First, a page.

Our background and experience is in agriculture, food production, processing and retail. In our world, we are not allowed to (nor would we want to) produce or process food in a federally inspected (and now more often provincially inspected) facility unless we can show a Hazard Analysis Critical Control Points (HACCP) plan to address every known risk to the safety (health/disease) of the product while it moves through our facilities and out the door. If something happens that shows an unanticipated risk, we must revise our HACCP plan immediately to account for and plan against such an event happening again. HACCP was developed decades ago for use by NASA after it experienced early disasters in the pursuit of outer space travel. It has been used in the food industry for more than 30 years. No such system with this over-arching plan and associated discipline is used in our health treatment system.
Today, there are only some bits and pieces of processes to learn and put in place improvements, in different parts and levels of the treatment system. There is no carefully planned and disciplined system of learning from adverse events or even “near misses” and then translating what is learned across or up and down the system. Too often, errors go unreported, and/or uninvestigated or if they are, it is behind a curtain of secrecy, or a wall of legal protection. Even if there is an investigation that has some public character, it takes years for it to get to the finish line (we still don’t have the last information about one of Greg’s doctor’s actions) and the information we have been given on others is “confidential”. One process that can bring the facts to the public is a Judge led Public Fatality Inquiry. There are few of these done (can you remember the last one?) and the majority of them focus on events around criminal’s treatment or an adverse event involving someone under the government’s care. We requested (and this was supported by others) an inquiry into Greg’s death but it was denied months later by the Office of the Chief Medical Examiner in a very short letter without explanation.
A “high performing” “team-based” system (see Priority #1) would rapidly identify and investigate all adverse events to quickly learn what had happened and why, and to immediately put in place steps to ensure it could not happen again. It would also share these findings and action plans across all parts of the system in order to have others avoid having the same or even a similar adverse event from happening to their patients.
“The best way to honour a person who has been harmed by a healthcare failure is to do everything possible to learn from that failure so that it will not be repeated.”
We believe that in order to ensure that adverse events are properly investigated and the lessons learned from them are implemented, a third-party investigatory team or agency must be empowered to investigate any event it judges is warranted. It must be a “third party” because the long history of deny and defend is too entrenched to allow good public investigations to occur by doctors or other providers themselves. Another avenue where actions of concern or failures are noted would be the offices of the Alberta Health Advocates. These dedicated people should be able to bring forward issues or events to the investigators as well.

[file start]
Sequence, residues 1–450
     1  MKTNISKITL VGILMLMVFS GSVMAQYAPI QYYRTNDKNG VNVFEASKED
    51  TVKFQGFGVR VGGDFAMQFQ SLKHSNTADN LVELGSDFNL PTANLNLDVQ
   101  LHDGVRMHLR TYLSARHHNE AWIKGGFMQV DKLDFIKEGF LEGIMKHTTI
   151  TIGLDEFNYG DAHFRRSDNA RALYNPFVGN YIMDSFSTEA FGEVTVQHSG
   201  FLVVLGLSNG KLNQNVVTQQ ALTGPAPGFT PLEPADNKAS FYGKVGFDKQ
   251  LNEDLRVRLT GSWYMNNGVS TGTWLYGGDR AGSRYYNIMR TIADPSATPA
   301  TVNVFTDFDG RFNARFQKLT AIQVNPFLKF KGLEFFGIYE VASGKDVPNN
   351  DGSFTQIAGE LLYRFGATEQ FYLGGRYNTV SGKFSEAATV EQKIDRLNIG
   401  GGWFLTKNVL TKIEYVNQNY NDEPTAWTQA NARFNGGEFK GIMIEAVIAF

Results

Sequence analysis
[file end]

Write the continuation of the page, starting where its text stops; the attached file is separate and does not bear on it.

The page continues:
As soon as this 3rd party investigatory team or agency is established and empowered (and the need for this is immediate), it should quickly begin examining and publicly report on all aspects of severe adverse events (death or lifelong harm). It also must develop a robust reporting system to ensure effective communication with all different levels of the system. This group’s mandate should also extend to quickly share with others, what was learned and what this means for revisions to “best practice” operations or activities. Associated deadlines must be set for the completion of these actions. It is also very important in these severe adverse events, to have suspended the license or operating authority of the associated players or facilities until the investigation is complete and go-forward corrections to the procedures or practices are made. This power must be in place to stop repeating adverse events and to insure prompt improvements are made.
Clearly the current ability of the physician’s liability insurance to block public investigation must be dealt with. No individual doctor’s professional insurance can be allowed to prevent an investigation into a serious adverse event and in turn, blocking the ability of the system to learn and improve. This form of self-centred individualism has no place in a high performing, team-based system and certainly no place in a health system which should be dedicated to the best care possible for its patients. It should not perpetuate practices which have caused harm. Clearly the investigation needs to be done in a careful and just manner very differently than is the case today.
We believe Alberta’s health system can “lead in continuously improving, high performing, team-based, patient partnered, health care”. It will take strong government and public action on the system’s basic culture, the electronic medical record system and communications and to have in place the disciplined system to learn from mistakes to insure that they do not continue to be repeated. These three priorities will only be addressed if Alberta’s “healthy public”, along with Albertans who are patients and family members, become engaged enough to cause major changes in the political priorities of the past. If we work together with the great people inside the system who have been trying to make the right changes a much safer and better health care system will be available for all.
We plan to post on Health Arrows fairly soon, a review the “lessons” we listed as part of Greg’s Journey and provide our perspective on what has and has not changed over the last 4 years.